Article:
by Stephen Tall on April 23, 2008
How Gordon must have been dreading this session of Prime Minister’s Questions, after what has been one of his worst weeks since becoming Labour leader: condemned by all sides for his decision to disadvantage the poorest in society by abolishing the 10p tax rate.
In the circumstances, then, he didn’t perform too badly. There was, of course, no apology: simply a restatement of his commitment to help those in proverty. And it was clear Labour loyalists were under strict instructions from the whips to bellow their support for the embattled Mr Brown. As ever, David Cameron came up with a handful of smile-out-loud quips; but he landed no devastating blows.
Nick Clegg stood up to the customary barracking from all sides – this was his first PMQs’ appearance since that GQ interview – and deployed what is becoming a trademark question: asking the Prime Minister how it feels to be out-Torying the Tories. It’s a cheeky but effective way of creating equidistance between the Lib Dems and Labour/Tory parties. It does, of course, guarantee him an even rowdier reception. I suspect, though, his last question may still be echoing in Labour backbenchers’ minds: “if he cannot deliver on poverty, what on earth is the point of this increasingly pointless Prime Minister?” Quite.
You can watch the full encounter on the BBC site here. Below is the Hansard extract of Nick and Gordon’s exchange:
Mr. Clegg: I should like to extend sympathy and condolence to the family and friends of Senior Aircraftman Graham Livingstone, Senior Aircraftman Gary Thompson and Trooper Robert Pearson. I also want to express my sympathy and condolence to the family and friends of that exceptional parliamentarian, the unforgettable and formidable Gwyneth Dunwoody. As we know, she enjoyed enormous admiration on all sides of the House.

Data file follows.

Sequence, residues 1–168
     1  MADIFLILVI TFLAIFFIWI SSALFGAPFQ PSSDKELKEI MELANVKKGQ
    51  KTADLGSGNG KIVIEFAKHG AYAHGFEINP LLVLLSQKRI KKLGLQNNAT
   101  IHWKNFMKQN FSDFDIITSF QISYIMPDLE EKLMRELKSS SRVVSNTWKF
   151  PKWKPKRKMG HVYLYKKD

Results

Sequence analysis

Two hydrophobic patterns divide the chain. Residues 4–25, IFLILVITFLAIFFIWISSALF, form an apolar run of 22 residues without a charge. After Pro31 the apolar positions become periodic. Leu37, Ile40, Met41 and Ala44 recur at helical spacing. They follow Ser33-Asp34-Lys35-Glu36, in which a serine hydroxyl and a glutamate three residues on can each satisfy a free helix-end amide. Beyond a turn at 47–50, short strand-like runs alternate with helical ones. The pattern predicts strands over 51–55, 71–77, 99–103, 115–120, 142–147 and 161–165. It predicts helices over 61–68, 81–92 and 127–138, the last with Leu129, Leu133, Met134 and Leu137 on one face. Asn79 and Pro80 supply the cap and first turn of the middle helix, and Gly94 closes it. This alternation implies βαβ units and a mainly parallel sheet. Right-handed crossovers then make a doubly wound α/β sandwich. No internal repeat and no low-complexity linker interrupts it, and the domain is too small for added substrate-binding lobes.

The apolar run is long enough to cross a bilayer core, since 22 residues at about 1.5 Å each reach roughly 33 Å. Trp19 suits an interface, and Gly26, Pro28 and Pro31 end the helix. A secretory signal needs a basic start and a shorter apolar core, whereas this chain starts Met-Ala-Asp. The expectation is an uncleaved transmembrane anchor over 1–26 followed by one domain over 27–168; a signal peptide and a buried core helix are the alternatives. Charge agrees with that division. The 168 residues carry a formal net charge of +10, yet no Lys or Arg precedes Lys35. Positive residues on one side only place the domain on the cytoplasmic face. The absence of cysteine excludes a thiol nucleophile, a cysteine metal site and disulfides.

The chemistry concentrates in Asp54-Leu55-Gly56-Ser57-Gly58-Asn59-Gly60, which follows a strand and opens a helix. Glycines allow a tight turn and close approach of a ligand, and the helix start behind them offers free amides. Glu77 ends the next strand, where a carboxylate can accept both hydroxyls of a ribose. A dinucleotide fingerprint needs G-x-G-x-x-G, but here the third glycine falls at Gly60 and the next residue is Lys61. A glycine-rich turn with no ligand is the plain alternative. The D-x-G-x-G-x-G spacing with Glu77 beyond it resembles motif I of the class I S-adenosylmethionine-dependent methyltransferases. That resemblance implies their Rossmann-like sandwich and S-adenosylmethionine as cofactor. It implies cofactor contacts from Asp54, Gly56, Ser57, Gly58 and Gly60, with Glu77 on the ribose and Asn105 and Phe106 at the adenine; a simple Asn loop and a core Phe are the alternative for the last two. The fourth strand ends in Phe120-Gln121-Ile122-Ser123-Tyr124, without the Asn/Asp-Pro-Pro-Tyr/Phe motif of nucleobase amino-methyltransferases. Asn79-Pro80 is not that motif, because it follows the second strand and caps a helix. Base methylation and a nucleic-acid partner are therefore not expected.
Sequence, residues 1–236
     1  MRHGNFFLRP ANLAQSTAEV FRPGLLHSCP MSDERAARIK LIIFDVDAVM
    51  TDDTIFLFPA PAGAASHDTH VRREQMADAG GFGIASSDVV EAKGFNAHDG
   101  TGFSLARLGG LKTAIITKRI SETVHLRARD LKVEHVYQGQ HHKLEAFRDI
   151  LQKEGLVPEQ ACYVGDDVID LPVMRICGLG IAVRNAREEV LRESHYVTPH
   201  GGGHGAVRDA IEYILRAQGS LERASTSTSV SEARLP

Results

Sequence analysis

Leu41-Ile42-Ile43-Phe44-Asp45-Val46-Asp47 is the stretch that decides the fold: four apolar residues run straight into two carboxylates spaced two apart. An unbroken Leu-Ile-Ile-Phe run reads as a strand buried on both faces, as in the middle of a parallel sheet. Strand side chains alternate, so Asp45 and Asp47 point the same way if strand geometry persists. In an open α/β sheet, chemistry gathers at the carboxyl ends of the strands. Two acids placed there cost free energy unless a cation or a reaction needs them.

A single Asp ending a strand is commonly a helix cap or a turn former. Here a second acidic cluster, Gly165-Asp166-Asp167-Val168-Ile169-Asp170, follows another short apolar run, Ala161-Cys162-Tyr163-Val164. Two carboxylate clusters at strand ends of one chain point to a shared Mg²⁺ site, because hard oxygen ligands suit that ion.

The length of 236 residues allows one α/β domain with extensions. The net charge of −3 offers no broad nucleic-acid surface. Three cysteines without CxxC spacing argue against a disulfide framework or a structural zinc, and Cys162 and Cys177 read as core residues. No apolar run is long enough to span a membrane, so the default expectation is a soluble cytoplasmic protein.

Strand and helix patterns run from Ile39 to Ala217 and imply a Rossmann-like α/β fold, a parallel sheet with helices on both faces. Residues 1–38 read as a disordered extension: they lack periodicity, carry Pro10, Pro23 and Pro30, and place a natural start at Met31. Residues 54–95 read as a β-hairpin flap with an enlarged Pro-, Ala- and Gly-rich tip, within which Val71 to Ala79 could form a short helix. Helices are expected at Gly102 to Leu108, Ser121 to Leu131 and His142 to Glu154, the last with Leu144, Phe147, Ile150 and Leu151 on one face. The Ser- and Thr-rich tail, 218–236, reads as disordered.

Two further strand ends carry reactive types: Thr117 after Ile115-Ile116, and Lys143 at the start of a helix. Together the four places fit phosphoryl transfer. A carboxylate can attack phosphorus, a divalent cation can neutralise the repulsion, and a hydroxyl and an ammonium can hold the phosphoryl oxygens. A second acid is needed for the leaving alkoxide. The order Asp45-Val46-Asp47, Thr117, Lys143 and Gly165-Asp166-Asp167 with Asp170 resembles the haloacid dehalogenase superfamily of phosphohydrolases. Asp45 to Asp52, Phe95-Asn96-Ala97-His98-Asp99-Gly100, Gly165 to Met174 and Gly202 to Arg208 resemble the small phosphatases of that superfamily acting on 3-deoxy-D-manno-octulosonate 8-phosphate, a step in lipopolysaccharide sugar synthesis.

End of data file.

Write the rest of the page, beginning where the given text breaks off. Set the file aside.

I thought that penalising the poor to reward the rich was the job of the Conservative party. The Prime Minister is deliberately making more than 5 million of the lowest earners in this country even worse off, so will he explain why he is doing the Tories’ job for them?
The Prime Minister: We have done more to take children and pensioners out of poverty than any Government in the history of this country since the second world war. Contrary to the advice of the Liberal party, which wanted us to abolish the new deal, we have helped more young people and long-term unemployed into work than any Government since 1945. If we had taken the Liberal party’s advice, there would have been high unemployment where there is now low unemployment.
Mr. Clegg: Labour Members are now in full cry, but where were they on Budget day? Why were they silent then? The truth is that, under the Prime Minister’s Government, income inequality is rising, working age poverty is up and now he is doubling the tax rate for the lowest earners. The Prime Minister used to be a man of principle but, if he cannot deliver on poverty, what on earth is the point of this increasingly pointless Prime Minister?
The Prime Minister: The point is to have economic growth in this country that gets more people into work. That could not happen under Liberal policies. The point of this Government is to take more people, including children and pensioners, out of poverty, and that is exactly what we are doing. I repeat: if we had followed the Liberal party’s policies, there would be fewer people in work, and more in poverty.